Make it personal
In addition to reporting on health data, there is a human element to program success. Sharing stories of employees who credit the wellness program with improving or even saving their lives can be motivating and further establish the credibility of a program's effectiveness. Sometimes these stories are about early stage cancers discovered during the preventive screenings, such as mammograms and colonoscopies. With such preventive screening, cancer can be detected early, enabling employers and employees to avoid the financial and other burdens associated with advanced cancer treatment.
For example, a senior executive, a 40-something husband and father who skipped annual physicals due to his active lifestyle and healthy weight, shared a poignant story with his company.
As part of a new wellness initiative, this executive met with his doctor, who diagnosed a heart murmur during a physical. A subsequent echocardiogram revealed a malfunctioning heart valve. A cardiologist confirmed the diagnosis and referred him to a heart surgeon to repair the heart valve.
In preparation for the surgery, the heart surgeon performed an angiogram, revealing a blocked coronary artery that required a bypass. The surgery for the valve repair and coronary artery bypass was successful, and the patient made a full recovery.
The executive said: “If I didn't have my annual physical due to our wellness program, I'm not sure what would have occurred with my health. I can say with full confidence and passion that I believe in this proactive approach to wellness, as it has been life-changing and life-saving for me.”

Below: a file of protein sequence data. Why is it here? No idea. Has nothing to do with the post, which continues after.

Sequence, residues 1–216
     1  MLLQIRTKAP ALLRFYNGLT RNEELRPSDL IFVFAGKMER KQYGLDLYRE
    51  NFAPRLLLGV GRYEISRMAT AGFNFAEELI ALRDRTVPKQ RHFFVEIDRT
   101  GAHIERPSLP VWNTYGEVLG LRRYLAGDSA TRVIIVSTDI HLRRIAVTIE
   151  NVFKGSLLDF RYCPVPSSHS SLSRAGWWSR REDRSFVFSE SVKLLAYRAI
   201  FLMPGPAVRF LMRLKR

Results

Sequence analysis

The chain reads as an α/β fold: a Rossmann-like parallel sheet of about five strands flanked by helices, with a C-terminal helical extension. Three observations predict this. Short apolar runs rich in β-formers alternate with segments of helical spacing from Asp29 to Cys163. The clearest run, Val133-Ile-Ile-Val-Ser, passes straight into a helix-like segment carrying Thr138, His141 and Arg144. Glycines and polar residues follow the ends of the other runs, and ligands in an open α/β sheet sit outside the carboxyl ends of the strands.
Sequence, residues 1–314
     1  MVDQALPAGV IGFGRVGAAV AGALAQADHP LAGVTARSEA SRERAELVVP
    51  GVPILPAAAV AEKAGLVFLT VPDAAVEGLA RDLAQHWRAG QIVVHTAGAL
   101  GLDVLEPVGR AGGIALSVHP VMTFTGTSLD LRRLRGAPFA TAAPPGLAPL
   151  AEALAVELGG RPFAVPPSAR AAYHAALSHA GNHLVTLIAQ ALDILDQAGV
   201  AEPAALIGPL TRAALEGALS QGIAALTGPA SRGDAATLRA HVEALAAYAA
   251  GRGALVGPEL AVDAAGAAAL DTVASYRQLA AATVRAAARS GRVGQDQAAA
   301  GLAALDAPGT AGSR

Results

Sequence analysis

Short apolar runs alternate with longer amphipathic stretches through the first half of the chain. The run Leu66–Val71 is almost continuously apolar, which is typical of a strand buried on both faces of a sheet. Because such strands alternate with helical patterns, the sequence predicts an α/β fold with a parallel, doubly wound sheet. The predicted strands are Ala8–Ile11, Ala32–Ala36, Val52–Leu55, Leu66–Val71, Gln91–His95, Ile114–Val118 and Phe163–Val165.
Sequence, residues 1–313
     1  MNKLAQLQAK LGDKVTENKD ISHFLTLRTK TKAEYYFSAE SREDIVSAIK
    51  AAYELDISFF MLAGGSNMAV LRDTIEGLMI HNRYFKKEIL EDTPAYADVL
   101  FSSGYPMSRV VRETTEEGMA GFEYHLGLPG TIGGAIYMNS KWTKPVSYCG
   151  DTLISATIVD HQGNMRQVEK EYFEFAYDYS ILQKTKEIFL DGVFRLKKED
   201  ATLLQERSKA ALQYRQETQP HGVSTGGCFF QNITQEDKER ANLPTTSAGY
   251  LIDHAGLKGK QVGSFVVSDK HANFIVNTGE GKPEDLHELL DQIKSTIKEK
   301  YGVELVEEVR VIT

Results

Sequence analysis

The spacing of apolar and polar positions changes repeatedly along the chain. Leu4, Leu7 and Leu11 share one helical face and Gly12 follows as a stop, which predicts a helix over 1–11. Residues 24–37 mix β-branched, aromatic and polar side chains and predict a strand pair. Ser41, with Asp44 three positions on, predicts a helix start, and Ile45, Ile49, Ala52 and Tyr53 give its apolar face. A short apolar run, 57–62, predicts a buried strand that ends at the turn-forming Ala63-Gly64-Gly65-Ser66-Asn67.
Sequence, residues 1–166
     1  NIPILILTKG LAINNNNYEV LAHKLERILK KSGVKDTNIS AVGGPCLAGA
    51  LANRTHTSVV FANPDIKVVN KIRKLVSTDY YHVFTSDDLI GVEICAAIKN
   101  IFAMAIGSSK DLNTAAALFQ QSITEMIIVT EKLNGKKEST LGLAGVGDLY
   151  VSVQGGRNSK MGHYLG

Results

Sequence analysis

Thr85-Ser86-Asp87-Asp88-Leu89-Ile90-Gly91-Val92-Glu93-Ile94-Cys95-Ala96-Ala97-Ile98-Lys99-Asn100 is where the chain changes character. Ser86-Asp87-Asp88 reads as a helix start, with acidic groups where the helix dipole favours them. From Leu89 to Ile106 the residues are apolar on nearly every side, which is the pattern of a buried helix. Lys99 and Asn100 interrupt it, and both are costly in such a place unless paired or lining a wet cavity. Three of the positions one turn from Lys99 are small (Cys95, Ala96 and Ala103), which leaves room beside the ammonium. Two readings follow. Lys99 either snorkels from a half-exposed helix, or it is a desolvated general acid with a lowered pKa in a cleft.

The value of wellness
A wellness program is an important facet of a benefits plan and careful consideration is needed to develop a strategy that will reduce health care spending and help employees become healthier.
A West Coast-based ethnic food distributor with 600 employees saved approximately $145,000 by implementing diabetes management in its wellness program. Numerous success stories from participants include one employee who shared that she lost 27 pounds, found a caring doctor and got her diabetes under control.
Though a wide range of wellness programs are available, not all are created equal. However, implementing a well-designed program that gets to the root cause of the health care consumption will help an employer make an informed cost management decision. Following this strategy will lead to engaged, healthier, productive employees and lower medical costs.
Arthur Hall is senior vice president and employee benefits practice leader at USI Insurance Services L.L.C. Contact him at 212-706-9416 or firstname.lastname@example.org.
As the federal government gets more determined about prosecuting books and records and internal controls violations, gaps in directors and officers liability cover become apparent. Rodger Laurite, Mark Weintraub and Grady Kellogg of Lockton Financial Services discuss the regulatory trend and how companies can guard against it.